It all started when I was in high school. I really enjoyed our technology classes and wanted to know more about programming. I began with a C language online course. I still remember the feeling when I built my first “Hello World!” project. I knew for sure that this is what I’ll be doing for the rest of my life.
I joined university to study computer engineering. At the end of my first year, my friend sent me an ad he found for a scholarship from Anera to join a ReBootKamp course in Jordan — a four month immersive full-stack software engineering program based on the Hack Reactor curriculum. I wanted to join because I knew that this would give me an advantage in the tech industry. I had a little background in programming so I expected it to be hard for me to get accepted. You don’t need to have any background at all though. You just have to finish all the tasks they ask you to do when you apply and demonstrate a passion to learn. So I applied and passed both the exam and the interview. I was ready to leave for Jordan.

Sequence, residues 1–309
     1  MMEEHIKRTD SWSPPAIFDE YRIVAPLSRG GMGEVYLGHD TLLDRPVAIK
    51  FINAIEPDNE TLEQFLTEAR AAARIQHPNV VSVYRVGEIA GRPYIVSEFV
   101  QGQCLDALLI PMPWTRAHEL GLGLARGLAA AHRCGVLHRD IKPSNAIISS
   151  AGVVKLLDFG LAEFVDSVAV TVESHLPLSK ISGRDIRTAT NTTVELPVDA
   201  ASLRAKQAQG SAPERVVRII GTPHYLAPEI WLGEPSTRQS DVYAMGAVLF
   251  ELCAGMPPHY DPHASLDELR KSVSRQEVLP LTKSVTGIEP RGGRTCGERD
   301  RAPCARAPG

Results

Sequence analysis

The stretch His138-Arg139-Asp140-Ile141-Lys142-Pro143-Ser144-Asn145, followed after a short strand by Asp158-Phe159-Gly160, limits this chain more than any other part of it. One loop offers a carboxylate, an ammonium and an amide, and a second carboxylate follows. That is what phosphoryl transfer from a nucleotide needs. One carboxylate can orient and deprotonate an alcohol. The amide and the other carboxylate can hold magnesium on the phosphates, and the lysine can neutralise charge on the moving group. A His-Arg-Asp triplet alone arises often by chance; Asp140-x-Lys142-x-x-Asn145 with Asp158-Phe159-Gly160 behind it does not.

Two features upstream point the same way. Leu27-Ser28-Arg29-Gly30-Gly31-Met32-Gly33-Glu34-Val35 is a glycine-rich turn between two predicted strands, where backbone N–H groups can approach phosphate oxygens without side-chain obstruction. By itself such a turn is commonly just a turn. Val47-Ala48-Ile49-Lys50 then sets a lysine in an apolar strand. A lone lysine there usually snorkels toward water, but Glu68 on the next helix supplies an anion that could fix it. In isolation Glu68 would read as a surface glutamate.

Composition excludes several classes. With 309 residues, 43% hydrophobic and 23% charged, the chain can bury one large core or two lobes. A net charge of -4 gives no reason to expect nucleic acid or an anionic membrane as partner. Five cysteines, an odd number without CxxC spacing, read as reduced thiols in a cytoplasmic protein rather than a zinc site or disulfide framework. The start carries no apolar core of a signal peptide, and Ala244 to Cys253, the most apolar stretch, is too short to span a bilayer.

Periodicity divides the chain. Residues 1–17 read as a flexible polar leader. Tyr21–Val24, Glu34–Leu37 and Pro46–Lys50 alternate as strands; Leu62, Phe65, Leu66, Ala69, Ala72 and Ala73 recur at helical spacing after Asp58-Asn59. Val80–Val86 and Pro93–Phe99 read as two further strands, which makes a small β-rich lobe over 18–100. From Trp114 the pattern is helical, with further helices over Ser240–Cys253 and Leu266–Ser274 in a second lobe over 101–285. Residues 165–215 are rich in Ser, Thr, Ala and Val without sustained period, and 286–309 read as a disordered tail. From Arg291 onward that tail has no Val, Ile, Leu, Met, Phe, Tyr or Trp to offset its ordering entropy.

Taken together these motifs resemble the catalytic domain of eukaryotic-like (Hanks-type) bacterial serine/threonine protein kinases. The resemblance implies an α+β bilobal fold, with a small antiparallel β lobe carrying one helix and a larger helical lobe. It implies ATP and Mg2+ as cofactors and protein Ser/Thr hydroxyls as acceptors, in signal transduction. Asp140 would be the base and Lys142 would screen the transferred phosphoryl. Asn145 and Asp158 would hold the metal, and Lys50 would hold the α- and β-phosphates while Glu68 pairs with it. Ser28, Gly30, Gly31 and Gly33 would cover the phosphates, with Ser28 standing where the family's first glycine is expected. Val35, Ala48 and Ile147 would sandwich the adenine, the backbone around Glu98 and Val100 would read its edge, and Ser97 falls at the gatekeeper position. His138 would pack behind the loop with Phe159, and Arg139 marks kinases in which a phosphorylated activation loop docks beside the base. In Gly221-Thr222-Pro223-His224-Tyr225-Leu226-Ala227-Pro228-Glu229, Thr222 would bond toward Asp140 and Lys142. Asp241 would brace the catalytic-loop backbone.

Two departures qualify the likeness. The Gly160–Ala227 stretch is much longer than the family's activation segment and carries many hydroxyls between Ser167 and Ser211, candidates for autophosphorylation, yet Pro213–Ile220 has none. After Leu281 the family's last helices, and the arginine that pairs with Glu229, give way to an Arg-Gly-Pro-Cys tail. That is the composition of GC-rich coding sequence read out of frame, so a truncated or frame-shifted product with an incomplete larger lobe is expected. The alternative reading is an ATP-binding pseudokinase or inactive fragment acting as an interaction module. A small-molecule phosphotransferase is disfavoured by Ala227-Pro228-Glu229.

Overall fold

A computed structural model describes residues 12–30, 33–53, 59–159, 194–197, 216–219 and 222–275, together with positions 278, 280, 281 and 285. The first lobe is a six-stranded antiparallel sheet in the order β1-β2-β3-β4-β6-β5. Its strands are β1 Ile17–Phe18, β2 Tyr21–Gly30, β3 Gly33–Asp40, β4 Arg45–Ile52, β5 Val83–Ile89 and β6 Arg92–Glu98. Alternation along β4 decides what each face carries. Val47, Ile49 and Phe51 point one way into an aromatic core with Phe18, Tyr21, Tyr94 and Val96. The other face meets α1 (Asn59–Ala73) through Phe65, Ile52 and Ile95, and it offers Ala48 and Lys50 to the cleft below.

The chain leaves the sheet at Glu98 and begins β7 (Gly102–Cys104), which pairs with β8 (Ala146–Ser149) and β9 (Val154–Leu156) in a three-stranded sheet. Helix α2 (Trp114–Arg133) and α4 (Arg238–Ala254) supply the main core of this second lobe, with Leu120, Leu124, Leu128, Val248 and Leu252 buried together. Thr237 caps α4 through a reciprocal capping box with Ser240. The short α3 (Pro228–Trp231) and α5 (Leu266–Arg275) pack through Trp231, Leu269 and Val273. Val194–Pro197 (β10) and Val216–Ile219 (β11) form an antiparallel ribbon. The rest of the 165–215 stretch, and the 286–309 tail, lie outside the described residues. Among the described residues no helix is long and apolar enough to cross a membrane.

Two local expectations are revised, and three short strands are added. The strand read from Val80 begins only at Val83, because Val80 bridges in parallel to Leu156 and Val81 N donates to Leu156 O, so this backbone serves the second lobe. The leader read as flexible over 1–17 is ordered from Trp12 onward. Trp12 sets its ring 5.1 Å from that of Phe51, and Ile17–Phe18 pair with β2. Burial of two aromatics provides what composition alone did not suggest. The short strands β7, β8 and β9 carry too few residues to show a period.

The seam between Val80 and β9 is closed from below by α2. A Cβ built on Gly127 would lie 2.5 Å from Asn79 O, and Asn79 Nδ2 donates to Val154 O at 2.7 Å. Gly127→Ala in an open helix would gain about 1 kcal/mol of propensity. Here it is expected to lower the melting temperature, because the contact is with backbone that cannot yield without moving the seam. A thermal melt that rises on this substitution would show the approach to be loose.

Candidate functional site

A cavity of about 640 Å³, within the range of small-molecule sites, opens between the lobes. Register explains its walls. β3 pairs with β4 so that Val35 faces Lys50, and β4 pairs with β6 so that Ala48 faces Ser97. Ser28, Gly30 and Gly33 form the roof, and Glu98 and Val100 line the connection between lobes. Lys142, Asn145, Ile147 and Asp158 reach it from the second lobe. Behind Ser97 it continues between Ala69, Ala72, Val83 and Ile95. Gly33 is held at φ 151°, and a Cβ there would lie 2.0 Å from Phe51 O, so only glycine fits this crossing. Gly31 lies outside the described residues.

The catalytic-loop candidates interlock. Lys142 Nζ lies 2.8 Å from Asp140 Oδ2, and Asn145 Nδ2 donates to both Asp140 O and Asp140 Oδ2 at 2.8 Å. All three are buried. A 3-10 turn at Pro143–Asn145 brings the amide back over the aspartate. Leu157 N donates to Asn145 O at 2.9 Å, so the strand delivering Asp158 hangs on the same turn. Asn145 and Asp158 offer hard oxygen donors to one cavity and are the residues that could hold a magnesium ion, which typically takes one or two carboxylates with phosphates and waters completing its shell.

In Anera+RBK we learned that soft skills come first. It doesn’t matter how technically strong you are if you don’t know how to talk or deal with people around you.